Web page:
Laban is pissed. He's angry because they ran away secretly, making it seem like they'd been his captives. He's angry that he couldn't say good-bye appropriately (this was probably a big loss of face to him). And he's angry that they've stolen his gods!
31 And Jacob answered and said to Laban, Because I was afraid: for I said, Peradventure thou wouldest take by force thy daughters from me.
32 With whomsoever thou findest thy gods, let him not live: before our brethren discern thou what is thine with me, and take it to thee. For Jacob knew not that Rachel had stolen them.
33 And Laban went into Jacob's tent, and into Leah's tent, and into the two maidservants' tents; but he found them not. Then went he out of Leah's tent, and entered into Rachel's tent.
34 Now Rachel had taken the images, and put them in the camel's furniture, and sat upon them. And Laban searched all the tent, but found them not.
35 And she said to her father, Let it not displease my lord that I cannot rise up before thee; for the custom of women is upon me. And he searched, but found not the images.
Jacob answers, reasonably enough, that he was afraid (and right to be afraid, I'd say, given the tricks his uncle has already played on him). But he doesn't know that Rachel has stolen those graven images of their gods (again, "gods" - plural), so he lets Laban search the camp.
Rachel, however, is pretty sneaky, too. She sits on top of the images and tells her father that she's menstruating, so she can't get up. So he doesn't find them. But he's still very angry. Well, so is Jacob.
36 And Jacob was wroth, and chode with Laban: and Jacob answered and said to Laban, What is my trespass? what is my sin, that thou hast so hotly pursued after me?
37 Whereas thou hast searched all my stuff, what hast thou found of all thy household stuff? set it here before my brethren and thy brethren, that they may judge betwixt us both.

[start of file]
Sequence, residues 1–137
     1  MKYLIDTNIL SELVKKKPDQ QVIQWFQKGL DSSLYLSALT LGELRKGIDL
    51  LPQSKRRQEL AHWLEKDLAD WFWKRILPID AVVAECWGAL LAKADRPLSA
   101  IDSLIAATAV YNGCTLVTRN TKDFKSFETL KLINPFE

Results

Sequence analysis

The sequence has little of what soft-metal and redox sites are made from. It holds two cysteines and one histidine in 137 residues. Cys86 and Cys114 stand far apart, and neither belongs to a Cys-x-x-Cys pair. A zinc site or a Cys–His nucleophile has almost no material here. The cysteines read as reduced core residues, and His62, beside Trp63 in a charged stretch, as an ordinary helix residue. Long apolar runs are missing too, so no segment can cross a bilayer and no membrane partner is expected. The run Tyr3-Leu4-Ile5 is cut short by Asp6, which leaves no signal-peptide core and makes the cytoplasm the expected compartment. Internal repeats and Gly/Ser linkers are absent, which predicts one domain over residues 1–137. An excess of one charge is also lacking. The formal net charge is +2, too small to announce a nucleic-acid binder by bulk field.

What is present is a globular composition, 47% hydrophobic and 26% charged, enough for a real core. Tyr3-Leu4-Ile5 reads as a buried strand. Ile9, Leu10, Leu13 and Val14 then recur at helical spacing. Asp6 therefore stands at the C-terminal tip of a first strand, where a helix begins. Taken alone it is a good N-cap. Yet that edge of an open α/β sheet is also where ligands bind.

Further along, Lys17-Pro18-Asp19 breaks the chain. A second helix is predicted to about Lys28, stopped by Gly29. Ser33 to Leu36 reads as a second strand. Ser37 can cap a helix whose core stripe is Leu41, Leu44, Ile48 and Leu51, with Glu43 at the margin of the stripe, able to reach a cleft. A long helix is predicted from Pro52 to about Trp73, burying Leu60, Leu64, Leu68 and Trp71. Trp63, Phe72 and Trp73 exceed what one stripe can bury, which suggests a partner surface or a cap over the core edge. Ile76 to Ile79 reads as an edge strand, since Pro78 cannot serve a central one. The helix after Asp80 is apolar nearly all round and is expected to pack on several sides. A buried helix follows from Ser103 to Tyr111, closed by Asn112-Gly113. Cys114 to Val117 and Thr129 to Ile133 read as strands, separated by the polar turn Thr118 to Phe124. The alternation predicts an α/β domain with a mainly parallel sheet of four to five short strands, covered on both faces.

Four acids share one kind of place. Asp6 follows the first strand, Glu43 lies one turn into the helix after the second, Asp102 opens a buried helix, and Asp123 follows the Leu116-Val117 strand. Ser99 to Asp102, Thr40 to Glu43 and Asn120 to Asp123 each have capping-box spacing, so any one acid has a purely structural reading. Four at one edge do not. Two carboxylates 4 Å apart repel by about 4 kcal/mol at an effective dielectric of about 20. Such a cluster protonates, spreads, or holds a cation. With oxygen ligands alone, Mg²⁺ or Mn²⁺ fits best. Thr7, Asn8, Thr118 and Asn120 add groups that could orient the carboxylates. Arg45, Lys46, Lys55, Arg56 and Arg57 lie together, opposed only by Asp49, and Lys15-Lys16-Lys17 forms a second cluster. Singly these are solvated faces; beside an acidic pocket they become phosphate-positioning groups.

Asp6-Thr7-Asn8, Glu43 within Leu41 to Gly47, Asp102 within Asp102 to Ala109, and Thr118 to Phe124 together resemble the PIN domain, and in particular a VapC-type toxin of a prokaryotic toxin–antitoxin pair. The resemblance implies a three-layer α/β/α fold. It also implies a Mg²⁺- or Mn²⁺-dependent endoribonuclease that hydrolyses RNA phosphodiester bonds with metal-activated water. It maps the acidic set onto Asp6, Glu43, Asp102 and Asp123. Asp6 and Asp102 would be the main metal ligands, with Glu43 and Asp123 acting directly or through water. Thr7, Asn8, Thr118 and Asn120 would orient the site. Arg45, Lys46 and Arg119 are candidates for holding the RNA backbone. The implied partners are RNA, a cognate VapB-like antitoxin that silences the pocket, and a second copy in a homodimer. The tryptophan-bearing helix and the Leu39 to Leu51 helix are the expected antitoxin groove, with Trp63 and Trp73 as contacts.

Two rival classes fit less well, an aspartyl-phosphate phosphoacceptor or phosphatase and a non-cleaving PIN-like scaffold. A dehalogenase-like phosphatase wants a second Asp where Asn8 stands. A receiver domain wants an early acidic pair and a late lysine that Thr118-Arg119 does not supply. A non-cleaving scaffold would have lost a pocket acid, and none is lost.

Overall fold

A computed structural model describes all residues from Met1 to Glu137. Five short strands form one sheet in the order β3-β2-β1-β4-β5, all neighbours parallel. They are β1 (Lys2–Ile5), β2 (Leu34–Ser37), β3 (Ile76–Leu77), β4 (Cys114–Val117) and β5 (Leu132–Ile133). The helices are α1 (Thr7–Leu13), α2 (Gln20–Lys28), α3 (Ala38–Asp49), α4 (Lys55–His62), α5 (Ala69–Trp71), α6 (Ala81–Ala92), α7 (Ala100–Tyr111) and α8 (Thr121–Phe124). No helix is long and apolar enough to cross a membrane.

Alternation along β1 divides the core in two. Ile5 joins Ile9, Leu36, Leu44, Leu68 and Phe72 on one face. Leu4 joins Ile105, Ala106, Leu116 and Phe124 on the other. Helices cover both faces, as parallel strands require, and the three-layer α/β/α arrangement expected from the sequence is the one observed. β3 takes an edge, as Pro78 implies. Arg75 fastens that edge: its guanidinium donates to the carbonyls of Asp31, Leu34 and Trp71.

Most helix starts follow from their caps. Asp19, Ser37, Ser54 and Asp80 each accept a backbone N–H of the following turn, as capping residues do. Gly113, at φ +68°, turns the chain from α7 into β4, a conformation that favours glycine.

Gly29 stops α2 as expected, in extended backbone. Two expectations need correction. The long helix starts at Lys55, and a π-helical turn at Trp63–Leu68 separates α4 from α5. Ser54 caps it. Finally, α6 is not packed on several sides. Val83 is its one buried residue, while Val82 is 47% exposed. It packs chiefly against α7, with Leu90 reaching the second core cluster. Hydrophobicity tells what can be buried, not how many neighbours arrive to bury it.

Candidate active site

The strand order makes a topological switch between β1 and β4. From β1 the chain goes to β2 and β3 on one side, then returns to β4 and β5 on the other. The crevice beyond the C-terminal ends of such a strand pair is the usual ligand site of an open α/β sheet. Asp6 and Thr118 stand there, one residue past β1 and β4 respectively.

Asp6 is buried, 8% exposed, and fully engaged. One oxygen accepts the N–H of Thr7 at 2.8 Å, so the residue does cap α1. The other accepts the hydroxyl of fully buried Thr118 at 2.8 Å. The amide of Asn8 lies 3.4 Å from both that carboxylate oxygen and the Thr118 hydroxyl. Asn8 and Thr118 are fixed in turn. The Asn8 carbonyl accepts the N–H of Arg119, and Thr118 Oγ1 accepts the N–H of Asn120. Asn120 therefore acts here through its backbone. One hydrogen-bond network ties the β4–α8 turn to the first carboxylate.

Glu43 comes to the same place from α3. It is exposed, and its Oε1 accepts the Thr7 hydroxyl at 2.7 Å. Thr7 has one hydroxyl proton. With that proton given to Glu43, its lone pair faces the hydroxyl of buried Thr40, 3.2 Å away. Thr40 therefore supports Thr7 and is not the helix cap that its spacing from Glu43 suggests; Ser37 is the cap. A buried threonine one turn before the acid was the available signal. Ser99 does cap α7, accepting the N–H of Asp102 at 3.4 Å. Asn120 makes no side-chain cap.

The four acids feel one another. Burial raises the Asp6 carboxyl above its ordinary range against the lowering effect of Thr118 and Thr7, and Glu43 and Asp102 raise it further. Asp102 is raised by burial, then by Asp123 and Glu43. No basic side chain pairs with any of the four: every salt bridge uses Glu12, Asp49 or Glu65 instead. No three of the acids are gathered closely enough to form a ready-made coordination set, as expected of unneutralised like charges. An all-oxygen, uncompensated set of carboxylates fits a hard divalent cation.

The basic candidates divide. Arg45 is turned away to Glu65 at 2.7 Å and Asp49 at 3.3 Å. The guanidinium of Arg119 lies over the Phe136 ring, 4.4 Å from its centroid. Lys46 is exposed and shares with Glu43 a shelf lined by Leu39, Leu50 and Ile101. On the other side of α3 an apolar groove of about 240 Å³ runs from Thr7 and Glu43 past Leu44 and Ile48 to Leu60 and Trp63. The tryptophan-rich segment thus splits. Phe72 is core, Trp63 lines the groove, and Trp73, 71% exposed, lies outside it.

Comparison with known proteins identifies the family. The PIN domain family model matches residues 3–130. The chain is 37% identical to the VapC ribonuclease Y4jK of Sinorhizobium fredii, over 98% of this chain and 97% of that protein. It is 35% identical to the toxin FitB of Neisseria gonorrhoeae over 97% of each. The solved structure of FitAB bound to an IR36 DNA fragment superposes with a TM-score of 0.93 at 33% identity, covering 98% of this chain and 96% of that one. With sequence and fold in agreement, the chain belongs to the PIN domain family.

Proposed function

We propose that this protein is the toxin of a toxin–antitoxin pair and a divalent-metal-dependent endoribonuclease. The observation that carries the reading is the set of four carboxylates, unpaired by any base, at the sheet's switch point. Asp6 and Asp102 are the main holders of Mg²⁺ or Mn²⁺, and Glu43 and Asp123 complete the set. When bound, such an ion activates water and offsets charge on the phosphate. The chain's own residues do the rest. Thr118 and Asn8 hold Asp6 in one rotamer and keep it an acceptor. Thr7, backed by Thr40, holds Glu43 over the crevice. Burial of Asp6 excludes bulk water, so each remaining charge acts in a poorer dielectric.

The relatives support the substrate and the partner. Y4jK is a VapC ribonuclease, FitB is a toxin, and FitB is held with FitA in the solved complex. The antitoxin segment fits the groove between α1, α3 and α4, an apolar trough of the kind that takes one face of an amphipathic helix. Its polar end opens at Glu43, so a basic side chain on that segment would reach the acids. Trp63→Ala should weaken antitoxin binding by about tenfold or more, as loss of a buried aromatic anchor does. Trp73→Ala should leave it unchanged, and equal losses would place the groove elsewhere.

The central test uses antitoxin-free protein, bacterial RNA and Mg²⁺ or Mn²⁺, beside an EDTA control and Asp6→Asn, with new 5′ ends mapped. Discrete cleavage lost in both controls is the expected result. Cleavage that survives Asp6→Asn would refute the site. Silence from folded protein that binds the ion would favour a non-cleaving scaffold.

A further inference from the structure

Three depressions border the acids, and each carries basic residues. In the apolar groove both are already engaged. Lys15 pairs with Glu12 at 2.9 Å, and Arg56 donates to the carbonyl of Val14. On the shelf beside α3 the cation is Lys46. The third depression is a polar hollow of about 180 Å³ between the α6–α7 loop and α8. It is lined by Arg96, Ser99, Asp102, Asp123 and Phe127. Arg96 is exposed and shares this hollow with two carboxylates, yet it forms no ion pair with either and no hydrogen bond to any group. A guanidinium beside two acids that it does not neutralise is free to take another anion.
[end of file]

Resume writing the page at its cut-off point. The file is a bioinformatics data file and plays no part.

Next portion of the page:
38 This twenty years have I been with thee; thy ewes and thy she goats have not cast their young, and the rams of thy flock have I not eaten.
39 That which was torn of beasts I brought not unto thee; I bare the loss of it; of my hand didst thou require it, whether stolen by day, or stolen by night.
40 Thus I was; in the day the drought consumed me, and the frost by night; and my sleep departed from mine eyes.
41 Thus have I been twenty years in thy house; I served thee fourteen years for thy two daughters, and six years for thy cattle: and thou hast changed my wages ten times.
As I say, Jacob isn't too happy, either. He's served his uncle for twenty years - fourteen of them for Laban's two daughters (when he only wanted one of them) and six years past that. And Laban has tricked him at least twice. (He says "thou hast changed my wages ten times." I suppose that's an exaggeration - quite natural - but maybe not.)
43 And Laban answered and said unto Jacob, These daughters are my daughters, and these children are my children, and these cattle are my cattle, and all that thou seest is mine: and what can I do this day unto these my daughters, or unto their children which they have born?
44 Now therefore come thou, let us make a covenant, I and thou; and let it be for a witness between me and thee.
55 And early in the morning Laban rose up, and kissed his sons and his daughters, and blessed them: and Laban departed, and returned unto his place.
Luckily, they're all kin here (not that that always seems to make much difference among these perpetually-feuding, inbred hillbillies), so they come to an agreement and part peaceably.
But keep in mind that they're heading back to Isaac (still alive, despite being at death's door twenty years previously), Rebekah,... and Esau, who was threatening to kill Jacob for his twin's earlier behavior. So they may be out of the frying pan, but it's not guaranteed where they'll land.
But I'll get to that in the next episode. Nothing like ending on a cliffhanger to get you coming back for more, right? :)
Note: This entire series can be found here.